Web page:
FRBSF Economic Letter
2003-25; August 29, 2003
The Present and Future of Pension Insurance
In the last two years, a large number of defined benefit pension plans
swung from record overfunding to record underfunding, exposing many workers
and retirees to pension risk. The Pension Benefit Guarantee Corporation
(PBGC), established by Congress in 1974, mitigates the pension risk to
some extent by providing pension insurance. However, many of the same
factors that put defined benefit pension plans in deficit also have left
the PBGC facing its largest deficit in its history. Recently, the U.S.
General Accounting Office put the corporation's single-employer pension
insurance program in its "high risk" category, reporting to
Congress that the insurance program needs "urgent attention" and
change. This Economic Letter discusses pension insurance, including how
it works, the financial health of the pension insurer, and what can be
done to improve it.
Overview of pension insurance
The PBGC was established by the Employee Retirement Income Security Act
(ERISA) of 1974 to protect participants in defined benefit pension plans
from plan terminations that do not have sufficient assets to pay promised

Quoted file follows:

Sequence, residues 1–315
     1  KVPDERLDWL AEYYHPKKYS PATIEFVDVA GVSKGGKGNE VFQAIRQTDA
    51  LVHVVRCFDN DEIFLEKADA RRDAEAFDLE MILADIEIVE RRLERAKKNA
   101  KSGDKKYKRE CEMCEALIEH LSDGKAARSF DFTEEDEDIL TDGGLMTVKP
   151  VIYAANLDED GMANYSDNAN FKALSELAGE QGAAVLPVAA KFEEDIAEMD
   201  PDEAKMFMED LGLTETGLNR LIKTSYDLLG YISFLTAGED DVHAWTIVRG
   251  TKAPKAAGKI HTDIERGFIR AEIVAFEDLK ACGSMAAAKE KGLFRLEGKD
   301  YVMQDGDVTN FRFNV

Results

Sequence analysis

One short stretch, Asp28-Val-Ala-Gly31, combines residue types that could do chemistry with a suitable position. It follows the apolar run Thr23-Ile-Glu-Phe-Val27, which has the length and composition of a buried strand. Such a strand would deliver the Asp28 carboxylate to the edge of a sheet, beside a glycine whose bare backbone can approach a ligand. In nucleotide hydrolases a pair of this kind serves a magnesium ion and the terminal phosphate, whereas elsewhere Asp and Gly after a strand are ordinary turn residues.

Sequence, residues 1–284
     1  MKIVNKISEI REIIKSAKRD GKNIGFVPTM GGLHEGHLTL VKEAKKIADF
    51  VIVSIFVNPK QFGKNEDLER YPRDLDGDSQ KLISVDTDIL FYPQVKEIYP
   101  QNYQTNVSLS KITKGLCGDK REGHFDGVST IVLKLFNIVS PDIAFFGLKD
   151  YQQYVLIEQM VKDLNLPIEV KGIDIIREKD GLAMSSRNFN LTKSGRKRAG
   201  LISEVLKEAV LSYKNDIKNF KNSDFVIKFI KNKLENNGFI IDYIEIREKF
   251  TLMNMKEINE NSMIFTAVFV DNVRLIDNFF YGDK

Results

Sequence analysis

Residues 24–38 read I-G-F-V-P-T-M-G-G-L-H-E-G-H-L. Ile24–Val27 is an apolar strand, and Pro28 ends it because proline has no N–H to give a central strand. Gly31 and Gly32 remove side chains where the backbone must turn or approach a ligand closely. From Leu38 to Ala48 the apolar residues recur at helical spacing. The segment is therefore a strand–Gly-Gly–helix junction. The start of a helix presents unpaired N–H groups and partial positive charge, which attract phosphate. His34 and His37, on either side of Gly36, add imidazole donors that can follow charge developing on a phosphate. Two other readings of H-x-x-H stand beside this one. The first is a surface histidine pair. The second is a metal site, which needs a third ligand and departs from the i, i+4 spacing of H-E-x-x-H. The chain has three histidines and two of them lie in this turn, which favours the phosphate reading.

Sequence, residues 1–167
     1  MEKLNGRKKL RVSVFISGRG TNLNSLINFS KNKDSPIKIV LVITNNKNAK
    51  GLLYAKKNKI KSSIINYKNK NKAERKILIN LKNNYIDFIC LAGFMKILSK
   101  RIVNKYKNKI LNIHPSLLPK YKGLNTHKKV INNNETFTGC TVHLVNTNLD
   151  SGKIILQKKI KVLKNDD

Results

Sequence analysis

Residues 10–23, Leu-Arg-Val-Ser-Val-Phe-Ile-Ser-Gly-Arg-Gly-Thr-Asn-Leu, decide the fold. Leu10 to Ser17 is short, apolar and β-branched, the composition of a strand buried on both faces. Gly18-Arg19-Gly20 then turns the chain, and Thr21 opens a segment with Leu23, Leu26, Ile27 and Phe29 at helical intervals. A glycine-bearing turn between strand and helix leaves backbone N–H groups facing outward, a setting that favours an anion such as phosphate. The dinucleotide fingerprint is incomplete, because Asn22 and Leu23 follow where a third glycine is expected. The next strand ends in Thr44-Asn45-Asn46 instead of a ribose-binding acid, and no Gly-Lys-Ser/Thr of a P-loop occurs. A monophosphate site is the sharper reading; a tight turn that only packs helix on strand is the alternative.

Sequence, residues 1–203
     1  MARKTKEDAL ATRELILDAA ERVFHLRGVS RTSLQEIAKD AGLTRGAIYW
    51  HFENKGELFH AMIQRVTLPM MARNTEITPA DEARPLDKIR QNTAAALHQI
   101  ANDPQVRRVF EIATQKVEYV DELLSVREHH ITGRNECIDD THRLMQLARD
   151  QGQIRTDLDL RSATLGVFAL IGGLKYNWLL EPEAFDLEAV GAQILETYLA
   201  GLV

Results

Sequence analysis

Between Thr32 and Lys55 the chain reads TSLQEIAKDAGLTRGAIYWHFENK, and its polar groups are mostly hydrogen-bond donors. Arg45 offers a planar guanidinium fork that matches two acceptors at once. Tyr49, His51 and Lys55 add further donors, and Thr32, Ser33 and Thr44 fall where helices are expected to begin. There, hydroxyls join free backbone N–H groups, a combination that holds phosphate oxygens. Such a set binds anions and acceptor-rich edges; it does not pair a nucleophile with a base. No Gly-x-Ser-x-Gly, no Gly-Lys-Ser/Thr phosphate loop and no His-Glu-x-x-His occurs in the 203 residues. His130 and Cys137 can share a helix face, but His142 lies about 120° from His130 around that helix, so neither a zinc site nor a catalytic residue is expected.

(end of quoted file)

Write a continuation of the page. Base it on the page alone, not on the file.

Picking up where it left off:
benefits. While PBGC is a government corporation, it is not formally
backed by the full faith and credit of the U.S. government, nor does
it receive any federal tax money, although it does have a line of credit
from the U.S. Treasury. The PBGC operates as a self-funded corporation
that derives its financial resources from four sources: insurance premiums
paid to the corporation by defined benefit pension sponsors; assets of
pension plans that the pension insurer has assumed from terminated plans;
recoveries in bankruptcy from former plan sponsors; and earnings on invested
The PBGC administers separate insurance programs to protect
participants in single-employer and multiemployer plans. At this point,
only the single-employer
plan is in deficit, so it is the focus of this discussion. Under its
single-employer program, the PBGC will terminate and take over a pension
plan when: (i) a pension plan runs out of money, (ii) a company liquidates
and has an underfunded plan, or (iii) a sponsoring company demonstrates
it cannot continue funding a pension plan and stay in business. Upon
taking over a pension plan and its assets, the PBGC assumes responsibility
for paying benefits to current and future retirees, but all benefit accruals,
vesting, and other regular plan obligations cease at that point.
pension insurance coverage offered by the PBGC is subject to a maximum
statutory limit stipulated by the ERISA, which is adjusted annually.
However, when the PBGC assumes responsibility for a terminated plan,
the coverage limit is set permanently at the level specified for that
year. For example, for plans that were terminated in 2002, the maximum
annual pension guarantee by the PBGC to workers who retire at age 65